Johannesburg: A South African court on Thursday blamed the government for "deliberately" delaying a visa to the Dalai Lama last year that led the Tibetan spiritual leader to call off his visit to the country and prompted allegations that Chinese influence prompted the decision.
The Dalai Lama was invited to deliver a lecture at the 80th birthday celebrations of anti-apartheid activist Desmond Tutu on October 4 last year but his application for a visa did not get any response from authorities on time.
The delay led him to cancel his trip while an outraged Tutu had lashed out at the government calling it worse than the apartheid-era dispensation.
The Supreme Court of Appeal in Bloemfontein today ruled that government had "deliberately delayed" granting the spiritual leader a visa, according to a report in Bua news.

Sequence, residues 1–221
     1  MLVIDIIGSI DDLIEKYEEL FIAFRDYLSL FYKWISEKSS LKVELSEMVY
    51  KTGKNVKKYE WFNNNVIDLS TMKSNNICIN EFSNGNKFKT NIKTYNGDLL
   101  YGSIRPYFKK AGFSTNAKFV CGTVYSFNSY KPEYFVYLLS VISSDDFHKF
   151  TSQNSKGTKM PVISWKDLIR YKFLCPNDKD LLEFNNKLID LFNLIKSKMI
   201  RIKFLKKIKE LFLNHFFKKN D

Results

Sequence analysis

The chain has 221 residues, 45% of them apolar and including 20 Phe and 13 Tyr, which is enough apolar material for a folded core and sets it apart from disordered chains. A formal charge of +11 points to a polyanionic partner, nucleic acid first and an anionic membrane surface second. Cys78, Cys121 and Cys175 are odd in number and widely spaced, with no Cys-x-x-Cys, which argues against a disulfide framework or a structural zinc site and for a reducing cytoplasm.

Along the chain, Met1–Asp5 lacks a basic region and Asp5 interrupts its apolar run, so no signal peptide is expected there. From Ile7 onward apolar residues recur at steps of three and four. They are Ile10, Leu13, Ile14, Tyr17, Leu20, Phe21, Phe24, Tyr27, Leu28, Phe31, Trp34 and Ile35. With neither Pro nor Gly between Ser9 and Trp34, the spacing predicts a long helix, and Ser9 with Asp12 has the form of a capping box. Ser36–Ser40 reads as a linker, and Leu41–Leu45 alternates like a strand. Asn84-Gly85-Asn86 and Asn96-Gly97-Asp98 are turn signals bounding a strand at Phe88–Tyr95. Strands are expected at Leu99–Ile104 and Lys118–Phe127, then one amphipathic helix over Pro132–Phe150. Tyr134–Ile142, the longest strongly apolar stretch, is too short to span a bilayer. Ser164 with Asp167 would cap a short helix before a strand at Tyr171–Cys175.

The appeal was brought in by opposition lawmakers after the episode created much controversy and accusations that the South African government was trying to appease China.
Earlier, a High Court had dismissed a plea on whether it had been constitutional for the government not to grant a visa to the Dalai Lama.
An immigration official was quoted as saying that the department of Home Affairs had taken note of the court ruling but will study the judgement and its reasoning in detail before responding comprehensively to it.